Ground Blinds

The upside to treestands is being elevated and having an overview of your surroundings. This is a plus whether you’re using a bow, crossbow or firearm. Many more hunters are getting into ground blinds, however, as they find that being on the ground offers a different, safer and unique experience. In a ground blind, you’re on the same level with deer, hogs and other game. Offering a few good ground blinds is a great way to ring up additional sales.

Along with the blind, hunters usually will want a good chair to sit in. If they have family, especially young children or grandchildren, a ground blind, comfortable chairs and unique views make hunting a more enjoyable experience. Hunters can outfit a blind with brush or set up a camera nearby. A good ground blind offers viewing through one or more slots or mesh, and it can be put up quickly or left out in one spot for the season. These are prime selling points for your staff to make to crossbow hunters (especially older ones).

Ameristep Extreme -
Ameristep Extreme -

Treestands, of Course

While ground blinds may be seeing more of a surge, it’s impossible to forget about treestands. Ladder stands, climbers and lock-on stands are used throughout the country. Whether you have a good deal on basic stands or are offering top-of-the-line double stands with heavy-duty construction, hunters will be seeking these for their property. Crossbow hunters, like others, want to get these stands put together and in the woods well before the season opens. Lock-ons and climbers, of course, are portable, but some hunters enjoy putting them out early, too. Have these ordered and ready to pitch to hunters well before the season opens. 

Optics and Rangefinders

Improvements in crossbow speeds and accuracy have resulted in the same for optics. Hunters want to dial in a crossbow for their preferred ranges. Whether it’s out to 30 or 40 yards or possibly 70 or more with some select crossbows, optics play a critical role. Crossbow scopes often are part of packages now, especially with higher-priced bows that also come with arrows, tips and other items. Buyers may be fine with the optics in the package, but be sure to suggest others you have for sale.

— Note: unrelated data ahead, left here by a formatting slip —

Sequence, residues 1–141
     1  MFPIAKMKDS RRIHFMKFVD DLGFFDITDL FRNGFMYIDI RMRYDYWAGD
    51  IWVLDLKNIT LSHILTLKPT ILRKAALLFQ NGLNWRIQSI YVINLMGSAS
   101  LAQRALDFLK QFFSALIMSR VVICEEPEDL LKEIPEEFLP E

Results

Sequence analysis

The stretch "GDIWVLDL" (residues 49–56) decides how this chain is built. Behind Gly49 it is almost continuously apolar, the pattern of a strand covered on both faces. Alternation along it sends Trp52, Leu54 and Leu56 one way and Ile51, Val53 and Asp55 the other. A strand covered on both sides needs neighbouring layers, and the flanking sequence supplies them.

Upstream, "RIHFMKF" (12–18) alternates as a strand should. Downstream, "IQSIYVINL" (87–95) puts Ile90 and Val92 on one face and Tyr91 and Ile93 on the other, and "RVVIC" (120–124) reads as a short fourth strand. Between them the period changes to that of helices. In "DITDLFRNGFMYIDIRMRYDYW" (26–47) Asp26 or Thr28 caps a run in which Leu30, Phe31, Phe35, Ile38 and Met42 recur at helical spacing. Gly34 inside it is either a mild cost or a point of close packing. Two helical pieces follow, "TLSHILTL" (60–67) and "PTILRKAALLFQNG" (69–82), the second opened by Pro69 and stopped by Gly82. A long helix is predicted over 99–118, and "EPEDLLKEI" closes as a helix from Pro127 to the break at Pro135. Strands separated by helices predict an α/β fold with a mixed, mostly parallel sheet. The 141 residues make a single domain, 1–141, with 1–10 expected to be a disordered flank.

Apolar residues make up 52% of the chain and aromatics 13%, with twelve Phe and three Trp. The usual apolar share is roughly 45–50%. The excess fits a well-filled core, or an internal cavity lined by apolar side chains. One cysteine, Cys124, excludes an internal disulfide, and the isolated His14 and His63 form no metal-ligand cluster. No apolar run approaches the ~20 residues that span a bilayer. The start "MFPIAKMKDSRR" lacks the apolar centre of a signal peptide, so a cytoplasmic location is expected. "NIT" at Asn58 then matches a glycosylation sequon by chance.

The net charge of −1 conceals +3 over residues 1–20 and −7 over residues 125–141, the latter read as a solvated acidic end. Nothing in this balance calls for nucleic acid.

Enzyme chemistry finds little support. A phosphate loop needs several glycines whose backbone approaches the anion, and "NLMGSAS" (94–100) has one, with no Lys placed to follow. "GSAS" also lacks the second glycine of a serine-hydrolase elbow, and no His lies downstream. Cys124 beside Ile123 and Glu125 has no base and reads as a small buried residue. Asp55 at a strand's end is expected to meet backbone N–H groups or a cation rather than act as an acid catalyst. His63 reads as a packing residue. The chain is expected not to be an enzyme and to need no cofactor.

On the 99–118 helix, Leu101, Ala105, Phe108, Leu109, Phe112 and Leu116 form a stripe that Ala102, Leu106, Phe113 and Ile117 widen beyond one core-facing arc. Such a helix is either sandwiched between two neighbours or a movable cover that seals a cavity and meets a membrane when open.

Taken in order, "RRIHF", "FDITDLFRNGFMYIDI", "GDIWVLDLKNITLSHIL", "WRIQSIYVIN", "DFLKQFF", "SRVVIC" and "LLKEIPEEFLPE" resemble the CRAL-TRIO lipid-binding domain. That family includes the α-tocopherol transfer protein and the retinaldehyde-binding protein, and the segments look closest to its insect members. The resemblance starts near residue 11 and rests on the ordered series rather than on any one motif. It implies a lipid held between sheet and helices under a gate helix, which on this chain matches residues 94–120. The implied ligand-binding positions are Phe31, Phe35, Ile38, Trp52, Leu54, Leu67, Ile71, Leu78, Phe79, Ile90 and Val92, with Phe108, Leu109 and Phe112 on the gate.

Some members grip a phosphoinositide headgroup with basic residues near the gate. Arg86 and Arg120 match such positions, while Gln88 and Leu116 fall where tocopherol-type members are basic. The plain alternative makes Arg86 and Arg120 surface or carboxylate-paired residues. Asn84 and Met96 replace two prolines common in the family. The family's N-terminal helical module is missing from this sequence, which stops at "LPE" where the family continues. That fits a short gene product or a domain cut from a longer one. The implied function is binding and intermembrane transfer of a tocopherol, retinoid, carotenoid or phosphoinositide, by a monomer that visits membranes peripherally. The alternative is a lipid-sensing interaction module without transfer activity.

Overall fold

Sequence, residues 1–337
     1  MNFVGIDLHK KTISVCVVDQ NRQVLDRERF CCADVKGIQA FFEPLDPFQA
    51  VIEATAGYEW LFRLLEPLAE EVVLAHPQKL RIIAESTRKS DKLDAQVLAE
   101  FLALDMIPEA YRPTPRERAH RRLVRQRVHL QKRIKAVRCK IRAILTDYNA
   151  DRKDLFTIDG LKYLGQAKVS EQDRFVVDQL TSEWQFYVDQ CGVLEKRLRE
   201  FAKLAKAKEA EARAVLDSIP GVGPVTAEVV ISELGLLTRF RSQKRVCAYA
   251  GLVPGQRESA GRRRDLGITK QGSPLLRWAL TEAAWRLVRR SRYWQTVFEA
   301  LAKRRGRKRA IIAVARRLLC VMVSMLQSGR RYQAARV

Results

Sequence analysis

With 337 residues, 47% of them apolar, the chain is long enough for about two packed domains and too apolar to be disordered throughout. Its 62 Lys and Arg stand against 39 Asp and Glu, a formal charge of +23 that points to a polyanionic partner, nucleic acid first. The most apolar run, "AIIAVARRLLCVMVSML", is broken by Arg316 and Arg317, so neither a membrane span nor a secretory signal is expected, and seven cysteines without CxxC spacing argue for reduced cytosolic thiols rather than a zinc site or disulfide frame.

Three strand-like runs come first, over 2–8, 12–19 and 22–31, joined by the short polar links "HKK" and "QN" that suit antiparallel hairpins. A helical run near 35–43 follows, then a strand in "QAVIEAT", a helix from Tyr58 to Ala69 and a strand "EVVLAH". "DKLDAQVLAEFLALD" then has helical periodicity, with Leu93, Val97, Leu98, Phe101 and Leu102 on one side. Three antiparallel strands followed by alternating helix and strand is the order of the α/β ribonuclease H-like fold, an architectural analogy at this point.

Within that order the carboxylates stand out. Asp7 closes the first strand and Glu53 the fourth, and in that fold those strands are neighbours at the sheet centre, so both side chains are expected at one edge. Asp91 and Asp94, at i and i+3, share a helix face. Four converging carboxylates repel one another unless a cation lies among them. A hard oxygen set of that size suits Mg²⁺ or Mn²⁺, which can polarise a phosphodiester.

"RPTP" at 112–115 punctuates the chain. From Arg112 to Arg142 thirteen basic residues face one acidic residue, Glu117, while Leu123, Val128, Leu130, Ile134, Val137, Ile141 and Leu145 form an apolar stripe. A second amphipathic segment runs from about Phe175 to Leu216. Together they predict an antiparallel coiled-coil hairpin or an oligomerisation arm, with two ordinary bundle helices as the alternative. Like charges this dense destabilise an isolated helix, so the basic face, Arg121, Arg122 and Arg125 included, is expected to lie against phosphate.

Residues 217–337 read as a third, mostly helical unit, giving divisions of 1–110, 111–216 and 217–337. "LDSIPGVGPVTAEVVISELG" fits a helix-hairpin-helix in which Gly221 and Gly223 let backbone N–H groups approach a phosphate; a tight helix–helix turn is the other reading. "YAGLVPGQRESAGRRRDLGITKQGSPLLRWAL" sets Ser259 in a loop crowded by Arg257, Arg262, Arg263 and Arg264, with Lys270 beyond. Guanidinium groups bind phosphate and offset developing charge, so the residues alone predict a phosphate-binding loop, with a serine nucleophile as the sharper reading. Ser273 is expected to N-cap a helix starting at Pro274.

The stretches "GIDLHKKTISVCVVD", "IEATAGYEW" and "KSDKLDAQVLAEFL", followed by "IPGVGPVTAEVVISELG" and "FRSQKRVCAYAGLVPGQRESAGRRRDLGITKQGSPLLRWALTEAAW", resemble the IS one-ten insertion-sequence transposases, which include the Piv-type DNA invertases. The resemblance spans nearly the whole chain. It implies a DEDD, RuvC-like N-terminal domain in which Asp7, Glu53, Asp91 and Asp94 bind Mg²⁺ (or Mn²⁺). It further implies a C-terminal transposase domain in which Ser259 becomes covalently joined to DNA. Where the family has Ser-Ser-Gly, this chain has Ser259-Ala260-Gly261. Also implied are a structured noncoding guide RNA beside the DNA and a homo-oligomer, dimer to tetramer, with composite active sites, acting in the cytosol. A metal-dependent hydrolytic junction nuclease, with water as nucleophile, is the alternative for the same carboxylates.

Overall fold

What is not part of a package deal is a rangefinder, which every hunter should use in the field. Along with establishing accurate, ethical distances for shots, the rangefinder can be a source of fun during a boring period in a long hunt. With children or grandchildren, rangefinders can provide teaching moments about ethics and judging distances. Be sure to have a good selection of these on hand, along with items such as lanyards to attach to harnesses or belt loops. Retractable wire lanyards keep rangefinders secure and close until needed, and they are inexpensive accessories worth offering. 

Scent Control

One of the most discussed topics for hunting is scent control. It’s no secret this is one of the biggest segments of the hunting industry. Whether you believe in cover scents, odor-killing scents and the assorted products isn’t the issue. Many of your customers believe in them, which is why they’ll be asking about them, looking at the newest items, searching for their old favorites, and possibly mixing their oldie goldies with something new. This area covers the gamut, from lockers and blockers to deodorant and body wash, as well as sprays for apparel, boots and gear. Vivid signs and display areas can highlight the section in your shop where these items are located. Don’t make customers search for these. One other tip: Don’t combine cover scents with attractants, such as deer urine. Keep them separate so as to avoid possible confusion. 

Game Cameras

These are no-brainer sales items. Crossbow hunters will use game cameras, especially cellular cameras that are improving in technology, to pinpoint travel routes and other spots for possible stand setups. Do not overlook anything in this important sales segment, either. Cameras need batteries. Do you stock them, or will you tell a customer “No, sorry” and make them have to buy batteries elsewhere? Do you have a selection of SD cards from SanDisk or another reputable brand that will work with the cameras you offer? Many camera companies include an SD card, but hunters will want more. Have them available, along with anything else, including metal safety boxes, locks or whatever you believe might make a good display.

Hunting seasons never really end. For whitetail hunters, summer is time to get things lined out, dialed in and ready for opening day. Be ready for them with a variety of items and knowledgeable staff who can help.